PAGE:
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Employee Engagement

Understanding Employee Attrition: How Top Companies Deal With Losing Top Staff Members

By
Rebecca Noori
Last Updated November 29, 2023

Churn, attrition, turnover—whichever term you use, they all have one thing in common: departing staff members. This type of change is inevitable in business, but when too many employees are heading for the exit at the same time, it can be costly and disruptive.

Employee attrition isn't something we must eradicate; departures also pave the way for fresh talent and ideas. But understanding the reasons for employee attrition, who you're losing, and how regularly can help you make the right decisions to support your people and your organization. This article examines how top companies like Statista, Google, and Spotify deal with attrition, including how to implement a recognition program in your employee retention strategies.

What Is Employee Attrition?

Employee attrition happens when the size of a company's workforce gradually declines due to employees leaving faster than they're hired. This can happen for various reasons, including employee resignations, retirement, termination, or layoffs. Attrition is a natural part of any business; it's impossible to keep all employees forever. However, too much employee attrition can be problematic for companies.

A recent study by Resume.io highlights the companies that employees do and don’t want to leave: 

  • HSBC Bank USA and Neutrogena have the longest average employee tenure of 10.2 years.
  • Coinbase, Avelo Airlines, and Popeyes have the shortest average employee tenure of just 0.8 years.


Types Of Employee Attrition

There are common reasons why people leave an organization, each of which can have a different impact on the remaining employees:

Retirement

According to Pew Research, 50.3% of US adults aged 55 and over were retired from the labor force, and this number will rise as more people reach retirement age. Although retirement is expected, it can create a knowledge gap, particularly if the retiring employee has worked at the company for many years.

Long-Term Illness

6 in 10 US adults have a chronic disease, and 4 in 10 have two or more. Employees who have cancer, heart disease, diabetes, or other conditions may require extended time off work and, in some cases, may need to leave the organization entirely due to their condition.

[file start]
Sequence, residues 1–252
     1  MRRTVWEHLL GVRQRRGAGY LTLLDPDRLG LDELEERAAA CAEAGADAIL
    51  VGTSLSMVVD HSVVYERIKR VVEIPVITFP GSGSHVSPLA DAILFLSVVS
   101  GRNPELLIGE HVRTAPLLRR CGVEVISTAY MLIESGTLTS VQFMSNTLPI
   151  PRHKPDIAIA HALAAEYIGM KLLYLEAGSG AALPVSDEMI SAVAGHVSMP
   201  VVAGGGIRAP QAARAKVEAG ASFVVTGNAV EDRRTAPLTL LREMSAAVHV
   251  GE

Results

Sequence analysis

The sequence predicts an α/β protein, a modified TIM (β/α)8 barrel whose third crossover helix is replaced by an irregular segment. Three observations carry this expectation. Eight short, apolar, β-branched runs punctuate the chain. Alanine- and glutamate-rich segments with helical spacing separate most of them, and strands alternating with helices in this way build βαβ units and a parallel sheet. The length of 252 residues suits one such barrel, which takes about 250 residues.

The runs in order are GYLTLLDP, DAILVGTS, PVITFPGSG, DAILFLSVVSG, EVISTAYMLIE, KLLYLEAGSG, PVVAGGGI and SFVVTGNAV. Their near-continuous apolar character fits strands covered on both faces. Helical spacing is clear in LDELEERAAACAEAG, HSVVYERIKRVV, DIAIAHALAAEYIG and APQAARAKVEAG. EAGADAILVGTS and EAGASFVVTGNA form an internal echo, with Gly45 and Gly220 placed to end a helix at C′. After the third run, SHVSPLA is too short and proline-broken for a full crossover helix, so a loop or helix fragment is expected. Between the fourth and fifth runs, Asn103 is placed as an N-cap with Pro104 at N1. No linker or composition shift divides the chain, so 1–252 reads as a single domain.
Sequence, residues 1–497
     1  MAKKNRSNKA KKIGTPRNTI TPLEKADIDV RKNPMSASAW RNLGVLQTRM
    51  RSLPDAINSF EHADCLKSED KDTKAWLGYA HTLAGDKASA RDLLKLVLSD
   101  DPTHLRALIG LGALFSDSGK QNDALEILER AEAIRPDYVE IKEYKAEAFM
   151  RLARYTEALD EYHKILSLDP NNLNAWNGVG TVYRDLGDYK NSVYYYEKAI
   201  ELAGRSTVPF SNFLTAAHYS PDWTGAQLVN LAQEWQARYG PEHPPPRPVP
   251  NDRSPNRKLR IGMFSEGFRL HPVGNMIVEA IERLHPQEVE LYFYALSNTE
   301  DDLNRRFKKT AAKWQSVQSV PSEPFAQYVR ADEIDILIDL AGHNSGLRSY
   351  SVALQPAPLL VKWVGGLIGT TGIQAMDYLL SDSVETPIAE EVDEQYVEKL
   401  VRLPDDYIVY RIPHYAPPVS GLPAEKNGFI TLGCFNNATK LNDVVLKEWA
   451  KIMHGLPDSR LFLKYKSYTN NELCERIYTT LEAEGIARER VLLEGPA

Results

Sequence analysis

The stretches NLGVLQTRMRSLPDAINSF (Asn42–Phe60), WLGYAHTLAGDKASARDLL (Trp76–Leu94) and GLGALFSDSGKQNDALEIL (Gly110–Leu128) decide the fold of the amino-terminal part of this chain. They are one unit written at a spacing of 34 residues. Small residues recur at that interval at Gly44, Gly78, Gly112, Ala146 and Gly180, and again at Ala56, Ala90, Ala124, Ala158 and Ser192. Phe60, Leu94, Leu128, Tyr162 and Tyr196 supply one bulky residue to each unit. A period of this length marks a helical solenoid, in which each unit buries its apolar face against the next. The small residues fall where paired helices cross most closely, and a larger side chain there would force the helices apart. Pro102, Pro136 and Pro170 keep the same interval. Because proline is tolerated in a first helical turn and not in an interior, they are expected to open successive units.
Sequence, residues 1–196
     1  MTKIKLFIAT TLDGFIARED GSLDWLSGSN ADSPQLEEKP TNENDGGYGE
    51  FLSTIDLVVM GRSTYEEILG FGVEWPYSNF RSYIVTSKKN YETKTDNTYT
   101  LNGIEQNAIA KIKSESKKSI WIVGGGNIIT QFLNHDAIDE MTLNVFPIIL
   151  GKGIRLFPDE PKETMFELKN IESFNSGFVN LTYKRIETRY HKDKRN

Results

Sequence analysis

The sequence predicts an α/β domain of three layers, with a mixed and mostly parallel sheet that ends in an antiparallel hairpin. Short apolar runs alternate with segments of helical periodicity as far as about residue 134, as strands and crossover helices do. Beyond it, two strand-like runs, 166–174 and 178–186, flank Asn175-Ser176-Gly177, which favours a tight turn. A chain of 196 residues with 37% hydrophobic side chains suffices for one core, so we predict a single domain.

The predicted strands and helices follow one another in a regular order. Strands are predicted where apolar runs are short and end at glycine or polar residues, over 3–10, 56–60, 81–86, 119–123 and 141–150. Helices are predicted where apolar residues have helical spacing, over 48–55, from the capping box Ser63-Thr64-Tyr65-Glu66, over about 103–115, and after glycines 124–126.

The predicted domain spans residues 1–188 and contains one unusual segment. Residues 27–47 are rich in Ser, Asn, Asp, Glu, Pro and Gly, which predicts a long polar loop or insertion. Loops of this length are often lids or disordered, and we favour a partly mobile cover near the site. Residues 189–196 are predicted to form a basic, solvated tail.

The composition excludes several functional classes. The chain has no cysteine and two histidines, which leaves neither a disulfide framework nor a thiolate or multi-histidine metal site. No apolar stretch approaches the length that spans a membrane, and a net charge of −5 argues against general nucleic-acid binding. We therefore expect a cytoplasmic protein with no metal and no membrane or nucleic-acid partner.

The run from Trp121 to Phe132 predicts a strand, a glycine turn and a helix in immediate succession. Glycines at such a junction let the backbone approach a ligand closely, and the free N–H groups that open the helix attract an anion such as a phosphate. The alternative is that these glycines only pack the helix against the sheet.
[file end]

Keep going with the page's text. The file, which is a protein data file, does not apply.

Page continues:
Involuntary Attrition

Some people must leave the company for reasons they didn’t initiate, for example, layoffs, firing for performance issues, a company-wide restructuring, or a merger and acquisition. This type of attrition can cause shock and stress among your current employees and may even impact your employer brand, so it must be handled carefully.

Voluntary Attrition

When employees leave the organization for personal reasons, they may have found a better job opportunity, need to relocate to another location, or could be dissatisfied with their current role or the company culture.

Internal Attrition

As businesses evolve, some roles or entire departments may become obsolete as they're replaced by automation or other disruptive technologies. Another cause of high internal mobility is when team members are keen to move on from a particular department, which could indicate poor leadership. Finally, an employee may have just been promoted, so they leave their old role behind to be filled.

5 types of employee attrition

What’s The Difference Between Positive And Negative Attrition?

It's easy to believe that all attrition is bad, especially financially. We know that filling open roles can be expensive—SHRM's benchmarking data suggests the average cost per hire is $4,700, with some estimates putting it as high as three to four times a person's annual salary. But these numbers don't tell the whole story, so it's essential to understand the difference between positive and negative attrition. 

Positive attrition happens when a team, manager, or entire organization breathes a collective sigh of relief about the change of faces. Not every departing team member will have contributed positively to the organization: